Archive for January, 2014

The Message from Children this Holiday Season: Collaborate, Don’t Litigate!

Thursday, January 2nd, 2014

Children (of all ages) want their parents to collaborate and not litigate to resolve the terms of their divorce. What children yearn for goes well beyond the usual method of starting out in court and settling “on the courthouse steps,” as the majority of divorce cases do. What they want even goes beyond hiring a mediator to facilitate a cooperative agreement.

When it comes to divorce, the collaborative model of dispute resolution is a unique gift to children, because it puts children’s needs first. In collaborative divorce, no matter how angry parents might be at one other, if they can keep their children in the forefronts at all times, and have a supportive team of professionals helping them do so, they can avoid the emotional damage to children that so often accompanies a non-collaborative divorce. Children, even adult children, can appreciate their parents working together, despite the deep and upsetting conflicts between them. Children can continue to see their parents as the good role models they once were as conflicts are resolved through collaboration rather than warfare.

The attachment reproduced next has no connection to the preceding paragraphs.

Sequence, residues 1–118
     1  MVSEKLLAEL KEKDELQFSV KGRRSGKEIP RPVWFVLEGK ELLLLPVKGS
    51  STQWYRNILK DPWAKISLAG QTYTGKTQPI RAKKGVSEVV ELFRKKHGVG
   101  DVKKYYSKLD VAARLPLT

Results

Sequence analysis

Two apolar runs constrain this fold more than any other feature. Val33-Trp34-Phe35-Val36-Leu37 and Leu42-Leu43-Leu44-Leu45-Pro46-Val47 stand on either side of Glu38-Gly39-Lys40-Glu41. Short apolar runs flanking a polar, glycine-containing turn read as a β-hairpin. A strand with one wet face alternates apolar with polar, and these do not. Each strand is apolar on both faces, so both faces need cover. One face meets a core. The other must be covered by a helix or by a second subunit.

Another distinction involves whether collaboration means giving in to the other person, or one person sacrificing for the sake of the children, while the more vocal parent gets his or her way. The collaborative process insures that both parties walk away with a mutually-acceptable agreement, not a lopsided one. Both parents are important to their children and children want to be free to love both of their parents without qualification. The two collaborative process attorneys are committed to this concept, as are the neutral coach and financial professional who are part of each case.

Parents who choose a divorce process that focuses on a positive co-parenting future and one that helps parents communicate about their children going forward provide their children with a gift that will last forever. Please collaborate, and don’t litigate, to resolve your marital issues. Your children will thank you.

Lisa Forberg, Esq.

Lisa Forberg, Esq.

Attorney Lisa Forberg is a collaborative divorce lawyer with Forberg Law in Manchester, N.H. www.forberg-law.com